Nadim* often writes reflections about his life as a refused asylum seeker in London. During Refugee Week 2014, he shares his motivations for leaving his country and family, his experience of the journey he made to find safety in the UK and the challenges of destitution. He takes part in creative writing sessions at the Jesuit Refugee Service UK in London.
*Name has been altered.
My story begins when I was wrongly detained by a most vicious security agency in my home country in Africa, led by one of the most hated African tyrants. During my detention, I was tortured. To be honest, at the beginning I was able to cope even in this situation; I somehow thought that what was happening to me and the other detainees would go some way to changing my beautiful nation for the better. But when my life was truly endangered, I made the toughest decision of my life, which was to leave my homeland and seek protection somewhere else. I decided to come to the western world, which was known to me for its endorsement of human rights and for offering aid to victims of such regimes. So, I left my family and friends behind.
It was one of the darkest days of my life, when, after I escaped my country with the help of friends, I fell into the hands of the trafficking gangs. They do not have a single consideration for humanity, or any sympathy with your case or for your problems; they only want to take all of your money, every last penny in your pocket. I consider myself lucky that, although they drained me financially, they brought me to England via a safe mode of transport and showed me the way to the Home Office in Croydon. They then disappeared and left me alone to face whatever was to come next.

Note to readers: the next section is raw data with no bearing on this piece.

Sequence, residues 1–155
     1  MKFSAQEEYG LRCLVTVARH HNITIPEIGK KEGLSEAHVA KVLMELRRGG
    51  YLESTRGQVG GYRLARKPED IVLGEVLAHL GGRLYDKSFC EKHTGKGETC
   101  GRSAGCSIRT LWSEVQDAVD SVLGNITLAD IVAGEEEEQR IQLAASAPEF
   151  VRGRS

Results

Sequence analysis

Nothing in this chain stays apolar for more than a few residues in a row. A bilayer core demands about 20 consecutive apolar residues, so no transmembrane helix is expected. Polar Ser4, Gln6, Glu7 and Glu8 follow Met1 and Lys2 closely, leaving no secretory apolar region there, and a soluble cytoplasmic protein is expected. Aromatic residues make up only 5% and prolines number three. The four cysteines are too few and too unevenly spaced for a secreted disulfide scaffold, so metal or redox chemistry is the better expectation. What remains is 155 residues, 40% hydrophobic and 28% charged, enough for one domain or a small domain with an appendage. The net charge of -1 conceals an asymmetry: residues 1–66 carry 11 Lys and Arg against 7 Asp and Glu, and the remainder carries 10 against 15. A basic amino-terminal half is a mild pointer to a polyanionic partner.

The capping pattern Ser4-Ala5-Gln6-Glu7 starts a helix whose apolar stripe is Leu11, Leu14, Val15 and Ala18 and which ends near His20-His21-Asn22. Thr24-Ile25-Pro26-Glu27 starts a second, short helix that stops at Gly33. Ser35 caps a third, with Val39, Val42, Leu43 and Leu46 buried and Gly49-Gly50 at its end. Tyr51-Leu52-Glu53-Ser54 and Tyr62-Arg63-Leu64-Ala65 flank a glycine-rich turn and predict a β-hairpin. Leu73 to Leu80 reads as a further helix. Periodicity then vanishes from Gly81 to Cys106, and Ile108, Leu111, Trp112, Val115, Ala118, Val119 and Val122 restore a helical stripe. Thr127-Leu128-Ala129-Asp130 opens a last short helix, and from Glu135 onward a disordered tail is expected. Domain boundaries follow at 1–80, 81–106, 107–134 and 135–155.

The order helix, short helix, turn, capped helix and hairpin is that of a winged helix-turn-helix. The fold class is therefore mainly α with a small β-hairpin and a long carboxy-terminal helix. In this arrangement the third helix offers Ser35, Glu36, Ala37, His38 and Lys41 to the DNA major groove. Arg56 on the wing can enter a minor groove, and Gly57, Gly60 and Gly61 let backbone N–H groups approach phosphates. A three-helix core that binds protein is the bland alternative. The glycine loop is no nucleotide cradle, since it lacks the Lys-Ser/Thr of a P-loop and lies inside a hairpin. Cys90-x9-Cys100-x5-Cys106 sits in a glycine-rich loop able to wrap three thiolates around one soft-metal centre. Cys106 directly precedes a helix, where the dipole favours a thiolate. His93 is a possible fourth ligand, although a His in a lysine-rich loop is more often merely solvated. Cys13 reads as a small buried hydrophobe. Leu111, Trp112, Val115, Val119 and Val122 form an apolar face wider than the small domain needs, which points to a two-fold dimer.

What did come, for me, was a series of humiliations and injustices. I will cut short the story of the Home Office: may God forgive them for what they incur on asylum seekers. I felt tortured by the procedures that I had to go through at the hands of this institution, a grievance that is heard all too often by those who work with refugees. Believe me, this kind of mental torture can be more severe than the physical type: with the mental one you might end up in a mental institution for the rest of your life.
The outcome of the process was that I was designated as a failed asylum seeker by the Home Office, left on the streets with nowhere to sleep and with no money for food or transport. I had lost faith in almost everything. Yet it was at this moment I realised the greatness of this British nation: even though I had been denied justice, there were still people able to help refugees like me. There were other agencies that could have provided help to meet my immediate, physical needs; but what was most important for me, what I was most grateful for, was that there were people who respected me as a human being. They treated me in a way that did not humiliate me or make me feel as if I belonged on the margins of society.
It was from the Jesuit Refugee Service that I received this respect. I will always be grateful to JRS for supporting me during the harsh time of my destitution. They restored in me the hope that there is still some goodness in human beings. May God bless them.
Visit www.jrsuk.net to find out more about how Jesuit Refugee Service accompanies asylum seekers like Nadim, and for information about ‘Come and see…’, an exhibition of photographs for Refugee Week 2014 produced by asylum seekers.
Make a donation to help sustain the work of JRS-UK: www.justgiving.com/jesuitrefugeeservice